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403 Posts
How about a solar or camp shower? They're cheap. If the power and or water goes out (or both). A good shower goes a long way for morale. A gardener's watering bucket will do the same (with the nozzle that has a hundred holes).

7,270 Posts
- Nail clippers and Nail file...knives and scissors are fine but its so much easier with the right tools.

- Bagbalm or something similar... Imagine yourself doing some manual labor and working up a sweat... your thighs rub together and cause a rash in the nether regions... wouldnt it be nice to have a bit of relief from that... especially knowing how much pain it could cause if you had to make a hasty retreat with a said rash...

- Eyedrops... again, working outside and you get something caught in your eye, would be nice to be able to clear your eyes with something sanitary versus using up your water stores...

Take it a step farther and you could add in a set up protective glasses. A splinter in the eye from chopping wood is a bad thing...could be prevented. (Speaking from experience on this one)

- Gloves, eveyone talks about a good set of boots, but having some work gloves can do wonders for keeping your hands healthy.

Thoughts?... additions?
Good post and very true! All this stuff is made in China or some place and after SHTF there won't be any of it for probably a long time.

I am reading this thinking about my goats. I keep an extra hoof trimmer around, they wear out. Bag balm for milking ( that IS what it is supposed to be for....:) ) eyewash we use all the time, I get pieces parts of hay and straw in my eyes all the time. Gloves is an obvious. I buy 3-4 boxes of 100 each disposable gloves all the time. Plus regular work gloves, plus cold weather gloves.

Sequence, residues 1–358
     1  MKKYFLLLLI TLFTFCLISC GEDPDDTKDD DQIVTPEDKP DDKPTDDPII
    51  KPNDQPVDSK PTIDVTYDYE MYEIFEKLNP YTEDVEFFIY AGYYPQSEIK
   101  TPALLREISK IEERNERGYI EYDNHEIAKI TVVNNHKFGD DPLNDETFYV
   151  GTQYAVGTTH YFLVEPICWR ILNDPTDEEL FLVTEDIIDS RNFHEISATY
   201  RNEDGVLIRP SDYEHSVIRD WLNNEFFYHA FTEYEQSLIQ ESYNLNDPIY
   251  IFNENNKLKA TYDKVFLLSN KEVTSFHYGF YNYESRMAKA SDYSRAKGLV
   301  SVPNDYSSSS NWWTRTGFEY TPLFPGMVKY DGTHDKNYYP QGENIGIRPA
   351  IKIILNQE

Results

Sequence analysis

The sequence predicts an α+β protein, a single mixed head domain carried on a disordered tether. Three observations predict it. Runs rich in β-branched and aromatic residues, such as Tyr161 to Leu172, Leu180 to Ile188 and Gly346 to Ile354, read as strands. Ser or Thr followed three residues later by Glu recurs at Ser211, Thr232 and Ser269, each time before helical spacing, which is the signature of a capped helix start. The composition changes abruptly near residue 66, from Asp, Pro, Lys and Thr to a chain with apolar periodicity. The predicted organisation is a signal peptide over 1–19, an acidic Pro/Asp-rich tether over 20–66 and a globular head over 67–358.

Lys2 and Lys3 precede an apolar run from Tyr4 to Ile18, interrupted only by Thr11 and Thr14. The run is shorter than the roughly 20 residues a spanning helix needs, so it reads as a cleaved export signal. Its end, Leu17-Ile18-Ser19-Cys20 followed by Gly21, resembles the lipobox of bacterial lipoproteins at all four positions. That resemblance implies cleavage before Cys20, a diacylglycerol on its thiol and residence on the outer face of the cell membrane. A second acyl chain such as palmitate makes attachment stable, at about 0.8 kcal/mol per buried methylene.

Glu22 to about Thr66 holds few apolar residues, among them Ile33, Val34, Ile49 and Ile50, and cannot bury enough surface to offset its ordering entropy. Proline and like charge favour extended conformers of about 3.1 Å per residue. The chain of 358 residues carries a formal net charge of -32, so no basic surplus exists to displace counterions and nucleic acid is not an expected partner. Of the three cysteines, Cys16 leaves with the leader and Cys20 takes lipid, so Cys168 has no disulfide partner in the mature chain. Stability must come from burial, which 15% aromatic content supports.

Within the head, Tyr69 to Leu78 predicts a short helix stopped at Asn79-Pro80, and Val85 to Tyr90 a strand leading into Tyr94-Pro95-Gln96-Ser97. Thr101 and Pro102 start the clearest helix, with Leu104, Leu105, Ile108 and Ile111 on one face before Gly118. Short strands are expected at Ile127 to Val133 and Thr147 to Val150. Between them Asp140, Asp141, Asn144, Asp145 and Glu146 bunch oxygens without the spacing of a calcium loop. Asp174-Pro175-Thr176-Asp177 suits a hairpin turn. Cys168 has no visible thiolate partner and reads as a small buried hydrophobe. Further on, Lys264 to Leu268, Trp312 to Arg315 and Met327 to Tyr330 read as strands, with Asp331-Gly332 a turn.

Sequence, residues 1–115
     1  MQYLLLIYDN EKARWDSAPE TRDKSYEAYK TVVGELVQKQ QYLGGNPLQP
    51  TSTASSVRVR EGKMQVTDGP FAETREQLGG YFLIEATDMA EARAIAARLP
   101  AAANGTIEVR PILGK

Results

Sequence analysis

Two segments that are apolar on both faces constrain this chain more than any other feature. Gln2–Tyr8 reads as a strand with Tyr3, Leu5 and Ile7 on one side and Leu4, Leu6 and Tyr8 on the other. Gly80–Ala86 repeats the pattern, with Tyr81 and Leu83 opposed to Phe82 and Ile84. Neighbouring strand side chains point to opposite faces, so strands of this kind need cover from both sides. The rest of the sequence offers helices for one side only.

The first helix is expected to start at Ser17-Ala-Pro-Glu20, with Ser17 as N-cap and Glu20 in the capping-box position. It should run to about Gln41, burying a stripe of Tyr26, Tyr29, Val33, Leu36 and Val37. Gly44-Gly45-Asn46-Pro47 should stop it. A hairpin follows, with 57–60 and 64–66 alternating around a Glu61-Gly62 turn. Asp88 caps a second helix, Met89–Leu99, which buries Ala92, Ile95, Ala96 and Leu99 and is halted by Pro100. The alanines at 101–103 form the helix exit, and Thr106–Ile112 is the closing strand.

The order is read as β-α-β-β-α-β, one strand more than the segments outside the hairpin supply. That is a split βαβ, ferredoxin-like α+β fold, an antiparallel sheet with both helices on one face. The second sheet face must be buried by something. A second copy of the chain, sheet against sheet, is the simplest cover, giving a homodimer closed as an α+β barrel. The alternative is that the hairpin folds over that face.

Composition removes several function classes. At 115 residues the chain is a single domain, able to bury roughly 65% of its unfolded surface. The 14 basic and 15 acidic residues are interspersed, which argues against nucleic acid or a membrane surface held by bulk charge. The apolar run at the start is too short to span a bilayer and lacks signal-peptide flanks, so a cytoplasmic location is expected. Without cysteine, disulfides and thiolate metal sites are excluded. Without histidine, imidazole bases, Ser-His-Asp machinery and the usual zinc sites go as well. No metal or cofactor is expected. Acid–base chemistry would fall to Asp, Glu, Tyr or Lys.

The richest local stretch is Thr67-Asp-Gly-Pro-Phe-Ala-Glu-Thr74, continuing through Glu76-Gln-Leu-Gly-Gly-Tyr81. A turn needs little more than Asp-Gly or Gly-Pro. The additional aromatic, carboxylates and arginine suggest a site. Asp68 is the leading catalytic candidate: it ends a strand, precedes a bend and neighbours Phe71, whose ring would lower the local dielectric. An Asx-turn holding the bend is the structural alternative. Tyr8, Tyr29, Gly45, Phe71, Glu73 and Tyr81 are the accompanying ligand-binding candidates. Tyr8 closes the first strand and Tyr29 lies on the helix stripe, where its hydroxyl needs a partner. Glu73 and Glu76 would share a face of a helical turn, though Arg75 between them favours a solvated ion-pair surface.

Plus alcohol ( for cleaning and disinfecting), and a whole bunch of other chemicals we use on our farm regularly.

Premium Member
2,336 Posts
Floss for when it gets really annoying and you can't remove that little critter between your teeth.
Floss also works great for emergency repairs. I have sewed damaged tents and clothing with it one of the strongest threads you can find. I always have a little pouch of Heavy Duty Household Needles for emergency Repairs.

To the surface!
8,012 Posts
Sunscreen, bug spray, duct-tape,
Gaffers tape
Construction seam tape
Electrical tape
Packing tape

Plastic sheeting in rolls - preferably as thick as you can find - for roof/window repairs, closing off windows/doors in case of NBC, dust storms, volcanoes, etc. - both black and clear. Use the clear for making a green house, black for your windows if you don't have blackout curtains. Cover your vehicles, food plants, possibly your house incase of any kind of fallout - makes it easier to decon - also, the volcanic ash can be acidic.

10,972 Posts
FWIW I keep duplicates of my veggie garden hand tools.

Also, I keep extra containers with screw on lids for storing seeds I collect from my plants at the end of the season.

Also, several sharpening stones for the bladed garden tools to make the work easier. Example: hoes, shovels, cutters of all sorts, etc.

Canning queen
1,017 Posts
Mesh onion bags - I use them to store my root crops in the basement; keeps the air flowing and helps to prevent rot.

Fungicide - foot, jock, yeast etc. No use being super uncomfortable.

A long ways back, I got scabies from a hotel stay. They gave me a 5% permethrin cream to use daily for a week. The experience was so...creepy, awful, terrible, that I went and made my own so that it would never occur again. (Our local farm store rocks...)

This same hotel also had bedbugs. Ugh. Got the diatomaceous earth for that too. Left the suitcases zipped up for a week after liberally dosing with the stuff.

These things that are so small make you so uncomfortable that it's only prudent to store the cure.

23 Posts
There are some good suggestions in here. I am seeing my preparedness in two forms - consumables that may be hard/impossible to get when the SHTF and tools and equipment that I'll want to have, ideally things you can buy once and repair.

Insect screen for windows